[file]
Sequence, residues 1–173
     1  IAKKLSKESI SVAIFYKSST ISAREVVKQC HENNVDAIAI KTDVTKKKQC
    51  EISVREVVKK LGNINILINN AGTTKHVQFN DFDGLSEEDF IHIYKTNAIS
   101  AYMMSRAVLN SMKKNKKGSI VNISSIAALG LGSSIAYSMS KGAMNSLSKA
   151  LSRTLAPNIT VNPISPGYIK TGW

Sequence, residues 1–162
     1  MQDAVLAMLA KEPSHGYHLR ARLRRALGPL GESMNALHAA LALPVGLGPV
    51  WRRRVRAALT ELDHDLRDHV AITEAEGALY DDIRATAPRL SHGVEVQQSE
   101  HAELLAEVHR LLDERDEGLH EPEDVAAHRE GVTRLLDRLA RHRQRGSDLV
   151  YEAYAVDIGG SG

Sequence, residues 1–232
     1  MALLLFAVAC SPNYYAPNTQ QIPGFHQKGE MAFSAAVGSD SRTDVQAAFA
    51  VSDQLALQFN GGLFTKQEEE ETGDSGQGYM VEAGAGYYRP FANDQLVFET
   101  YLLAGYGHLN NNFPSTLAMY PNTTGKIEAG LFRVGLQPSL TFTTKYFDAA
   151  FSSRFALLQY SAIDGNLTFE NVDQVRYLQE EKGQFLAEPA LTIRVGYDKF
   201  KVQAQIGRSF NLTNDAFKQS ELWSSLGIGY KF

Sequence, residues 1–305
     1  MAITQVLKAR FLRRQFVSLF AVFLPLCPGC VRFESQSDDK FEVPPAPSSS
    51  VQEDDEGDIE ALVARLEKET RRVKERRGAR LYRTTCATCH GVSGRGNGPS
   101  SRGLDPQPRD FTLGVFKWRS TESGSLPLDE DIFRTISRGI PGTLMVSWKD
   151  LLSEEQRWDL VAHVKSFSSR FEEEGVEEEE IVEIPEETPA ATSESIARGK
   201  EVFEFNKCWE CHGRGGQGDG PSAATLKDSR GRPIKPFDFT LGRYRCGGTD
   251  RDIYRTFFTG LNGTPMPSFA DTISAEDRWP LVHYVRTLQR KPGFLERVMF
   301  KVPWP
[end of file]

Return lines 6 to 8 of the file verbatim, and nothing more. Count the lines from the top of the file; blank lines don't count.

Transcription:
Sequence, residues 1–162
     1  MQDAVLAMLA KEPSHGYHLR ARLRRALGPL GESMNALHAA LALPVGLGPV
    51  WRRRVRAALT ELDHDLRDHV AITEAEGALY DDIRATAPRL SHGVEVQQSE